Your grade will be based in large part on the originality of your ideas and your written presentation of these ideas. Presenting the words, ideas, or expression of another in any form as your own is plagiarism. Students who fail to properly give credit for information contained in their written work (papers, journals, exams, etc.) are violating the intellectual property rights of the original author. For proper citation of the original authors, you should reference the appropriate publication manual for your degree program or course (APA, MLA, etc.). Violations are taken seriously in higher education and may result in a failing grade on the assignment, a grade of "F" for the course, or dismissal from the College.

Collaboration conducted between students without prior permission from the instructor is considered plagiarism and will be treated as such. Spouses and roommates taking the same course should be particularly careful.

All required papers may be submitted for textual similarity review to Turnitin.com for the detection of plagiarism. All submitted papers may be included in the Turnitin.com reference database for the purpose of detecting plagiarism. This service is subject to the Terms and Conditions of Use posted on the Turnitin.com site.

Non-Discrimination

There will be no discrimination on the basis of sex, race, color, national origin, sexual orientation, religion, ideology, political affiliation, veteran status, age, physical handicap, or marital status.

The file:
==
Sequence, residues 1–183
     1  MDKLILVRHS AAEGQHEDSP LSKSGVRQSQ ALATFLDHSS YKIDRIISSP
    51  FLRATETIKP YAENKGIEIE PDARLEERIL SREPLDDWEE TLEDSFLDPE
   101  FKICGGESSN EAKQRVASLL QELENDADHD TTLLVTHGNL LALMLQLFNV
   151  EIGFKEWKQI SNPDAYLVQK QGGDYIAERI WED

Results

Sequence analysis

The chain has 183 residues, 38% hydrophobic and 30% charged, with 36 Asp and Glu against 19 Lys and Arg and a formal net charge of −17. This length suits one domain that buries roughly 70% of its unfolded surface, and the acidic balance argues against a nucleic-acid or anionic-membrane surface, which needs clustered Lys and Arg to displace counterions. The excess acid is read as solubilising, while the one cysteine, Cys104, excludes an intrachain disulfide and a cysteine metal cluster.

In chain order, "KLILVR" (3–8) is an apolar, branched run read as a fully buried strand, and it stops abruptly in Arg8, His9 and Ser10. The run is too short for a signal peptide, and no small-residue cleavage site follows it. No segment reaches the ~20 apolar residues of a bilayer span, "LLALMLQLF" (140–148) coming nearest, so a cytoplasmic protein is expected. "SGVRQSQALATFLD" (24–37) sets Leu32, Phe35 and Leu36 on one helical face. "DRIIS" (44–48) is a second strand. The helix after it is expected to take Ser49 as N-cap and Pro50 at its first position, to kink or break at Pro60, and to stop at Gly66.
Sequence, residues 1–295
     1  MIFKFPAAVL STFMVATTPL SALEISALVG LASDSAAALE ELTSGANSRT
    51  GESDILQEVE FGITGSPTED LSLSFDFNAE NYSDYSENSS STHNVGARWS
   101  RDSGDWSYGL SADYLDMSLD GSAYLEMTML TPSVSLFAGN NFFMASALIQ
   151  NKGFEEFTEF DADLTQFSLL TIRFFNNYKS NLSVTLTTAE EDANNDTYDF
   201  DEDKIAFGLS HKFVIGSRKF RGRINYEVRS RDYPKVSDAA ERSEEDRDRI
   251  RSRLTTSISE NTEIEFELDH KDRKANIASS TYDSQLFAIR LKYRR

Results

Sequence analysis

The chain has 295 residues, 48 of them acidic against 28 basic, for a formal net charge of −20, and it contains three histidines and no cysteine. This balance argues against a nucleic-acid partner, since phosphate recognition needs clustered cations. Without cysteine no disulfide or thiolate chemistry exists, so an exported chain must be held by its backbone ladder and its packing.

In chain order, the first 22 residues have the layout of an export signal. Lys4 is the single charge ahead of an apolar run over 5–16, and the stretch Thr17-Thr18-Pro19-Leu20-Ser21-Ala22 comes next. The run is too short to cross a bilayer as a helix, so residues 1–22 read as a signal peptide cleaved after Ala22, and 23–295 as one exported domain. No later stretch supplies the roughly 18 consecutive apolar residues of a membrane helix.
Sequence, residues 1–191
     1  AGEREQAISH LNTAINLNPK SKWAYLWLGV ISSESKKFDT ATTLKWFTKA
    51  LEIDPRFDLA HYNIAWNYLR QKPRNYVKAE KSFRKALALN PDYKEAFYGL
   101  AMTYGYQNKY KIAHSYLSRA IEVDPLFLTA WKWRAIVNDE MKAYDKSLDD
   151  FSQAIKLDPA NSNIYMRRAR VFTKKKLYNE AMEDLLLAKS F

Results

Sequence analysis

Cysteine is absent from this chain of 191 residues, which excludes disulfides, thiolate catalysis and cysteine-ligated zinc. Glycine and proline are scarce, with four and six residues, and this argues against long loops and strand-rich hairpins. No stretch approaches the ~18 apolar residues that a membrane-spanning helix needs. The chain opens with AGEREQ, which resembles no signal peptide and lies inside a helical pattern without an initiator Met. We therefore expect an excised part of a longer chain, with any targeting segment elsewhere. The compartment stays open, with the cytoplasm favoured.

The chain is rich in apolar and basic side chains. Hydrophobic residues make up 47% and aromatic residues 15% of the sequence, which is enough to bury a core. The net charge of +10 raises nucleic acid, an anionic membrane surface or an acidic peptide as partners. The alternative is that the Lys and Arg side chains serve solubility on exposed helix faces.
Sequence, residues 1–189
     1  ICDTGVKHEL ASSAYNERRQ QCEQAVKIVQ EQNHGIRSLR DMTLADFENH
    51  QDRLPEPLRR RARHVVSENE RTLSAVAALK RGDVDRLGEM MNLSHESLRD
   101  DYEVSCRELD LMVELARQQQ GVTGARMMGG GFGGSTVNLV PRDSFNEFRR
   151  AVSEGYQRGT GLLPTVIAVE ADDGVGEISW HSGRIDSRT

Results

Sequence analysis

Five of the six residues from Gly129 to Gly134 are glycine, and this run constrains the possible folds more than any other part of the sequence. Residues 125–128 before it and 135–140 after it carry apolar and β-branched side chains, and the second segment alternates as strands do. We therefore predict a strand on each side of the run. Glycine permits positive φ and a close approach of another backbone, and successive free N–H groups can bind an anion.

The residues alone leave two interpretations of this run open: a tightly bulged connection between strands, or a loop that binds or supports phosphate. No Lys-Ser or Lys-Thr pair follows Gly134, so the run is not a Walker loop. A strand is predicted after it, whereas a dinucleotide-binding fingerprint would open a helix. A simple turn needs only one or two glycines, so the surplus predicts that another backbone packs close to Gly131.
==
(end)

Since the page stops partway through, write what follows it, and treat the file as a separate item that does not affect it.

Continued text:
Student Accessibility Resources

Students with documented disabilities who may need academic services for this course are required to register with the office of Student Accessibility Resources. Until the student has been cleared through this office, accommodations do not have to be granted. If you are a student who has a documented disability, it is important for you to read the entire syllabus as soon as possible. The structure or the content of the course may make an accommodation not feasible. Student Accessibility Resources is located in Student Affairs in AHSC 215 and can be reached by phone at (573) 875-7626 or email at sar@ccis.edu.

Online Participation

You are expected to read the assigned texts and participate in the discussions and other course activities each week. Assignments should be posted by the due dates stated on the grading schedule in your syllabus. If an emergency arises that prevents you from participating in class, please let your instructor know as soon as possible.

Attendance Policy

Attendance for a week will be counted as having submitted any assigned activity for which points are earned. Attendance for the week is based upon the date work is submitted. A class week is defined as the period of time between Monday and Sunday (except for week 8, when the work and the course will end on Saturday at midnight.) The course and system deadlines are based on the Central Time Zone.

Cougar Email

All students are provided a CougarMail account when they enroll in classes at Columbia College. You are responsible for monitoring email from that account for important messages from the College and from your instructor. You may forward your Cougar email account to another account; however, the College cannot be held responsible for breaches in security or service interruptions with other email providers.